Ventana Research’s benchmark research into agent performance management shows that most companies recognize the vital role contact center agents play in creating good customer experiences and thus good business outcomes. The research also shows that only the most mature companies have put in place processes and metrics that encourage behaviors that deliver such business outcomes. Furthermore, the research shows that companies are held back from adopting more customer-related metrics because they don’t have performance management tools that can help them create such metrics; instead most rely heavily on spreadsheets. Thus I was encouraged to hear during a recent roundtable discussion sponsored by Merced Systems from two customers that have used the Merced Performance Suite to institute a more rigorous, metrics-driven approach to improving agent performance.
The speakers indicated that a company cannot significantly improve contact center performance solely by deploying new technology. Rather, it can reach its ultimate goals only by changing processes and people – mainly by training and coaching agents. To do this in an effective manner requires a deep analysis of agent-by-agent performance and a system that points managers and supervisors to areas that need improving. Without this individualized analysis, training and coaching tends toward a “one size fits all” situation that doesn’t address individual agents’ needs. Companies therefore need to adopt a system that suggests which calls evaluators should listen to so they can quickly identify areas of weakness – for example, some agents may perform poorly during the greeting, or fail to give callers the required compliance information.
Another important message from the discussion is that companies must review their key performance metrics regularly and modify them to better reflect the organization’s business goals and desired outcomes. This often is not done: in our benchmark research into contact center analytics the number-one performance metric in the contact center is average handling time, which doesn’t connect directly to the most important metric to executives, which is customer satisfaction scores.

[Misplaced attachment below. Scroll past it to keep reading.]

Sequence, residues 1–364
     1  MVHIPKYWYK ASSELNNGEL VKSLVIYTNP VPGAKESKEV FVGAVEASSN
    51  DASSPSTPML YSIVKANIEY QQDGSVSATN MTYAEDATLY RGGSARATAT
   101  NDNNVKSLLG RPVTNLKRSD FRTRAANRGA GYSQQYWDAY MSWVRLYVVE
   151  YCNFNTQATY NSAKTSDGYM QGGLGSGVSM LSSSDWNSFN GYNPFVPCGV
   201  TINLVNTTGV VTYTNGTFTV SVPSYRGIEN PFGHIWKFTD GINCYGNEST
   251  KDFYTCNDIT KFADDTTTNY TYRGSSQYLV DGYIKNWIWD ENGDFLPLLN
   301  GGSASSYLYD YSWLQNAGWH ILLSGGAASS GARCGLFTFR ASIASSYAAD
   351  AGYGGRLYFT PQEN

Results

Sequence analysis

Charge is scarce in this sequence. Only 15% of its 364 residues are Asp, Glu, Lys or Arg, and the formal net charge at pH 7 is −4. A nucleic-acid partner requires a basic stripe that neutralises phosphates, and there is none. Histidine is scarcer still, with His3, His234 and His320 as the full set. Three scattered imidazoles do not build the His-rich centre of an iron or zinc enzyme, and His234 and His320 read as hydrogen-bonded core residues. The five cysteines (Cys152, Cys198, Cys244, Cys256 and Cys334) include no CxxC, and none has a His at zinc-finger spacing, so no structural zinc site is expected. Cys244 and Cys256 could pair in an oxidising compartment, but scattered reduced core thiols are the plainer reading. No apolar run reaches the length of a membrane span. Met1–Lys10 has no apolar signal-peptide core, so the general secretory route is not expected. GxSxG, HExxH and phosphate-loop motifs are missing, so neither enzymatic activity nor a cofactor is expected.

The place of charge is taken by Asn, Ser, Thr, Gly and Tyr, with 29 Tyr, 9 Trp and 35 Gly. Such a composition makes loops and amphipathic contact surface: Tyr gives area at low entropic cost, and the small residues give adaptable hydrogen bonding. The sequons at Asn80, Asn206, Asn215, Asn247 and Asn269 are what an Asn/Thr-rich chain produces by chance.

Both speakers were adamant that managing to averages doesn’t work and said that companies would do better to focus on the best and worst performers: the first to set goals that others should aspire to, and the second to assess where the most training and coaching is needed. It is also important to manage to trends; that is, a metric by itself is of limited use, but implementing training and coaching to reverse a trend or improve performance is likely to be effective.
This led to a discussion of key experiences with the performance management application. First and foremost, it needs to be widely adopted, which one of the speakers admitted did require a little “encouragement” for some reluctant supervisors and agents. The key to adoption is that everyone trusts the outcomes and they be consistent. This way users don’t feel Big Brother is watching for ways to take away performance-related pay, but that supervisors are honestly looking for genuine ways to improve performance. Sharing performance information with everyone, subject to some confidentiality restrictions, can produce an environment where everyone is trying to improve their own performance.
Finally, the speakers insisted that any program must be a continuous improvement process. Despite expressing pride in their processes and agents, they acknowledged room for improvement, which can be brought about only by more targeted coaching. One company thus implemented a closed-loopmetrics-driven quality monitoring process that uses analytics to identify areas where agents need to improve, targeted coaching to address those issues and trend analysis to ensure that the coaching is effective.
Do you use any form of analytics to drive your quality monitoring or performance management processes? If so, please tell us about them, and come collaborate with me and discuss your efforts.
Richard Snow – VP & Research Director